I saw a sign today in the bathrooms which neatly illustrates the problem a computer may have understanding a sentence. It said:
Please don’t put paper towels down the toilet as it causes them to become blocked.
If one were to go solely by the rules of grammar, one would be forced to conclude the paper towels would become blocked: “them” is a plural pronoun, meaning it must apply to the plural towels rather than the singular toilet when the sentence is considered in isolation.
With the context people can apply to this sentence, the problem of “them” is resolved; it’s obvious a toilet may become blocked rather than a paper towel so “them” must apply to the toilet even if the grammatical implication is different.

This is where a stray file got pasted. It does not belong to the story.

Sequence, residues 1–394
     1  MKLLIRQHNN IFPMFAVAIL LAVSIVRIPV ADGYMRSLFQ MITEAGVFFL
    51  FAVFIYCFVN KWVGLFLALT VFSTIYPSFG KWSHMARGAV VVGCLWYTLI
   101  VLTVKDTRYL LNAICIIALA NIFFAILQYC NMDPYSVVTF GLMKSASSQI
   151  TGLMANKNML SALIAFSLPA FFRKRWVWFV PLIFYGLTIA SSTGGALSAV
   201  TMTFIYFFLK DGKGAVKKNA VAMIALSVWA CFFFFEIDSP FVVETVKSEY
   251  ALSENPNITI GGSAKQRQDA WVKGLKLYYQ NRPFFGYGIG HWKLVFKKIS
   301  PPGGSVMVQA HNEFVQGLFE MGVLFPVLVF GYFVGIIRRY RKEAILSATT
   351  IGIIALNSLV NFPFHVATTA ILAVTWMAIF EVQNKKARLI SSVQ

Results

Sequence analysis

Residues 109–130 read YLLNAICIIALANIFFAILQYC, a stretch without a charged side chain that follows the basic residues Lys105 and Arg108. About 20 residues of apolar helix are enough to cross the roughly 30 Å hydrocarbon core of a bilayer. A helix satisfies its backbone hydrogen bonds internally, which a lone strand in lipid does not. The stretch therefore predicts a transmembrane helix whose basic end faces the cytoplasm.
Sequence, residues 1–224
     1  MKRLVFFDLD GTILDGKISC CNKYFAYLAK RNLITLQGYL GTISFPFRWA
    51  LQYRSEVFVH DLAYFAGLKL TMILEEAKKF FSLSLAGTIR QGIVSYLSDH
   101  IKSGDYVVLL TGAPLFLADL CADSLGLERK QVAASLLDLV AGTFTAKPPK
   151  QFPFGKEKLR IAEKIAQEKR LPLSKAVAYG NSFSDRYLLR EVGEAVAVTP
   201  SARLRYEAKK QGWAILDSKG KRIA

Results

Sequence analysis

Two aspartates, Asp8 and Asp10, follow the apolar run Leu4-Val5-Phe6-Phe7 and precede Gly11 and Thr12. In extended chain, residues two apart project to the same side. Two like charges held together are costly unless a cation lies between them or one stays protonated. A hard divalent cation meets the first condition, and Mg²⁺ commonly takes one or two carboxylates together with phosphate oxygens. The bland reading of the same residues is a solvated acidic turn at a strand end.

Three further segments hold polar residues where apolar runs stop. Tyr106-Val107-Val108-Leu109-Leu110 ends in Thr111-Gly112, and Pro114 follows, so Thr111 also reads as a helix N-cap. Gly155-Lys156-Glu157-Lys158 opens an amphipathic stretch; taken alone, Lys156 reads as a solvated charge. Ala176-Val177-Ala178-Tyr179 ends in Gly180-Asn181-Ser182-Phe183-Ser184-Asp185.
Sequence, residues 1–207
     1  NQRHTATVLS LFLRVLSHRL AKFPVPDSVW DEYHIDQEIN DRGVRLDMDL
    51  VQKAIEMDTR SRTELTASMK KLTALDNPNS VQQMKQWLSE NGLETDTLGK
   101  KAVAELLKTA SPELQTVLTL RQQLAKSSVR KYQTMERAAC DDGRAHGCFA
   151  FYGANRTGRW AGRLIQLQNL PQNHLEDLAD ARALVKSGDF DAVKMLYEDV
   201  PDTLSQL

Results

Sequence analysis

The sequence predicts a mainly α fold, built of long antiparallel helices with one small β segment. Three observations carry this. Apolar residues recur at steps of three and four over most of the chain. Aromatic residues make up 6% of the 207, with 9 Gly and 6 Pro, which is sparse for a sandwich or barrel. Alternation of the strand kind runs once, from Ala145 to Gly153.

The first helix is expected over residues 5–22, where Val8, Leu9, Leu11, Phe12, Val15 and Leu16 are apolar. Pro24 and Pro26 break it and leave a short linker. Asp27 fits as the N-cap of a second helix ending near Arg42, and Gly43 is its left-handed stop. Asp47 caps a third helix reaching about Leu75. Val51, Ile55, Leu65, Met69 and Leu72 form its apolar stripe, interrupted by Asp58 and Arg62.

Computers currently try to understand language in isolation, meaning this kind of issue is common: they lack the knowledge it is possible for toilets to block but not paper towels causing them to come to an incorrect conclusion.
Efforts such as MIT’s ConceptNet aim to alleviate this issue by creating common-sense knowledge corpuses. It will be interesting to see what happens when such efforts bear fruit and people work out how to make use of the knowledge they contain. Until then, I believe computers will have grave difficulties understanding everyday speech.